Liquidated damages can be a curious business, and this latest case is no exception. Listen carefully, and I’ll begin …

The £600m constructor Buckingham Group Contracting Ltd has had a sophisticated ding-dong about the liquidated and ascertained damages (LAD) stuff in its building contract with Peel L&P Investments & Property Ltd. I say “stuff” because I couldn’t make head or tail of how the umpteen thousands of pounds per week – or was it day, or minute? – worked in their JCT contract. I should say, rather, a JCT contract that had been tampered with.

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I put it down twice – no, five times – because I found it unfathomable. That was exactly Buckingham’s argument; it said to the court: “There are several terms about LAD that concern how the contract should be read.” In other words, it was unfathomable – and void for uncertainty.

Hmm … Well, all this “stuff” was there when the contractor happily bid £26m to build a new paper mill at Ellesmere Port in Cheshire. And Buckingham was canny enough to cap its exposure to LAD at 7.5% of the contract sum. That’s £1,928,253.77 to you and me.

Incidentally, do give more thought to capped exposure to LAD. Put bluntly, it’s a bit risky to specify an open-ended £x per week; that can easily mount up and wipe out a builder. Identify the maximum exposure, and know your risk.

Suffice it to say, the works ran late. The usual arguments ran about finger-pointing, but here Buckingham took a fresh look at the amended completion clauses and scratched their heads as to meaning. For example, the date for completion of the works in the JCT was clear. It said: 1 October 2018. But then they looked at the schedule pointing to milestones completion dates. The seventh said: 30 November 2018 for practical completion.

Somebody in the grandstand giggled and yelled: “What do you think of the show so far?” Back came the silver-tongued retort of counsel: “It is accepted by the defendant that there is a modest inconsistency within the documents.” Oh, I do like that; I promise to use it some time. The court said that there was a contractual obligation to complete the works by 1 October 2018, but no liquidated damages could be taken until 30 November 2018. Neat. Modest.

Somebody in the grandstand yelled: ‘What do you think of the show so far?’ Back came the silver-tongued retort: ‘It is accepted by the defendant that there is a modest inconsistency’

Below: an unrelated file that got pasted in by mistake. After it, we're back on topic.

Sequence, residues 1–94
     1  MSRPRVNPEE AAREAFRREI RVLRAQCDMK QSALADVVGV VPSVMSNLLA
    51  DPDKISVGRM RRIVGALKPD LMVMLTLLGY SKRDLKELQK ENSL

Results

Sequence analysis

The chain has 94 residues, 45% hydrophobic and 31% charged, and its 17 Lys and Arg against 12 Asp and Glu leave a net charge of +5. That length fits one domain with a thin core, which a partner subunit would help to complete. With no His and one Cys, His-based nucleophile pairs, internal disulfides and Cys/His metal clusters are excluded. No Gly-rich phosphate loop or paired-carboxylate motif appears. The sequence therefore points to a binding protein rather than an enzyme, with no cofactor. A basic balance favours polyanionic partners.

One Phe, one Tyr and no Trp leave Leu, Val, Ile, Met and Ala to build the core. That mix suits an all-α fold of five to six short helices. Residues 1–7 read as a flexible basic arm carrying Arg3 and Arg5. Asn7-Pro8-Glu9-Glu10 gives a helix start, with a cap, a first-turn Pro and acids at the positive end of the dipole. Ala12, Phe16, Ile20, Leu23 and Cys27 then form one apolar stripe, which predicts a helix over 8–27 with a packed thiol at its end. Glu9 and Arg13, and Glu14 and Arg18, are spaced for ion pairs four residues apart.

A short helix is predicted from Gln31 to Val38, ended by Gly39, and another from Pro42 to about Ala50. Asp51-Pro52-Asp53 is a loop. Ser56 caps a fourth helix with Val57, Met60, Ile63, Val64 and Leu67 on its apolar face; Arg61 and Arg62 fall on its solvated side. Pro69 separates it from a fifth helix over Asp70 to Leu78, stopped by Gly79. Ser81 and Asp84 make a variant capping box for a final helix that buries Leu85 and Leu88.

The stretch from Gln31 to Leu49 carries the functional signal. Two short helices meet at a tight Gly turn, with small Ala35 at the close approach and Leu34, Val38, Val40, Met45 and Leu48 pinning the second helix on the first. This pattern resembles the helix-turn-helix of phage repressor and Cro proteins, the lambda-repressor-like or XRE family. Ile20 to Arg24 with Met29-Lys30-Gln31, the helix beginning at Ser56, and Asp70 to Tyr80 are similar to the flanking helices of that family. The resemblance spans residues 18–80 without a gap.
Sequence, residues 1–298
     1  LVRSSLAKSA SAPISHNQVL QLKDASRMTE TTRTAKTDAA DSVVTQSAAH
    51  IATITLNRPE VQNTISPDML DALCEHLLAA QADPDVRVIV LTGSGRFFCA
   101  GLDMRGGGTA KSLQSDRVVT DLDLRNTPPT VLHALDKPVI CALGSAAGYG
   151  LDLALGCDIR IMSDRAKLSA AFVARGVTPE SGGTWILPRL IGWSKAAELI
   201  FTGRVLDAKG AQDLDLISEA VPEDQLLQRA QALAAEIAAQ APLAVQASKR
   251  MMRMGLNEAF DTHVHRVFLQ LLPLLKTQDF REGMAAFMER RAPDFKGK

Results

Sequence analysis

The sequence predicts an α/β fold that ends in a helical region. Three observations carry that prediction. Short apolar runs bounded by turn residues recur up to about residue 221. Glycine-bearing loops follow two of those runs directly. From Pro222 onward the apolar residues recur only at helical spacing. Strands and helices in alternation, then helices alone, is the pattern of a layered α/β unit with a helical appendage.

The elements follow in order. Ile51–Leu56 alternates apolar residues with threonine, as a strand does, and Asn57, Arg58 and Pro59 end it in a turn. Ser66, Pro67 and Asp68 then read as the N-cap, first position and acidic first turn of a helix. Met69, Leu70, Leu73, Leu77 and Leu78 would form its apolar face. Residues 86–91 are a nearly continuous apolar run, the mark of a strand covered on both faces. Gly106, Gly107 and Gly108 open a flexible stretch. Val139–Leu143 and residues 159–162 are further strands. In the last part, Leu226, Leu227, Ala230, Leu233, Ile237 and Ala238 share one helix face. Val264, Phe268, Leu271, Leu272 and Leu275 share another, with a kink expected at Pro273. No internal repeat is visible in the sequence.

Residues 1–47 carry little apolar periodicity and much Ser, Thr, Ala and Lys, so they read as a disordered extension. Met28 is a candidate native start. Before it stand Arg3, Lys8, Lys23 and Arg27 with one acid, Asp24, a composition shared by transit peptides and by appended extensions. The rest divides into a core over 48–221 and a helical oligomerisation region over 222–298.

Buckingham was arguing that this part of the contract was “void for uncertainty”. It’s a tough argument to get past a judge, though. The courts are reluctant to hold a provision in a contract void for uncertainty, particularly when the contract has been performed. Lord Justice Moore-Bick (he of Grenfell Inquiry fame) remarked in another case: “The conclusion that a contractual provision is so uncertain that it is incapable of being given a meaning of any kind is one which the courts have always been reluctant to accept.”

Buckingham tried another angle to torpedo the LAD stuff. It argued that the milestones intended partial possession to be taken but there was no means of calculating the value that the relevant part bears to the section sum.

The opponent said, and the court accepted, that the contract repeatedly said “that sectional completion did not apply”. That position is not difficult to see. Contracts frequently have milestone dates, but that does not mean an LAD sum for being late. More likely what irked Buckingham was to hit milestone completions and keep the same end-figure for LAD. All in all, the court decided the LAD provisions were certain and enforceable.

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What if it had gone the other way and the LAD machinery had fallen down? What then is the score, if the building contractor is responsible for delay and is in breach of whatever date is said to be the deadline? What, if anything, can the employer ask for, if no LAD now applies? Can it claim general damages instead? Yes, previous cases have decided that the injured party is entitled to prove actual losses: some call this “unliquidated damages”.

Then we must ask whether the cap on damages, in this case £1,928,253.77, applies to general damages. This issue came up in previous cases. A case last year, Eco World – Ballymore Embassy Gardens Company Ltd vs Dobler UK Ltd, usefully travelled this ground. Umpteen textbooks and court cases are referred to there. And the answer is: it all depends. Suffice it to say that, in Eco World, the court decided that if, repeat if, the LAD clause in that dispute fell down, the clause discussing 7% cap on damages would apply to general damages too. In other words, a maximum exposure of 7% of the final account.

But in Buckingham the court wouldn’t buy the argument that general damages for delay (if the LAD clause failed) would be capped at £1,925,253.77. It was successfully argued that the LAD clause and the cap in that sum focused solely and completely on the LAD regime. So if Buckingham had successfully argued that the LAD machinery wouldn’t work, it might well have walked into an even bigger walloping. Remember, a failed LAD invites the employer to claim all its foreseeable losses caused by delay; yes, all, meaning all it can prove. It may come to much less than the cap, or much more.

The court looked for some intention in the contractual bumf as to what would happen to general damages if the LAD cap fell down. But answers came there none. And this was scarcely odd, because no one had thought about it.

Tony Bingham is a barrister and arbitrator at 3 Paper Buildings, Temple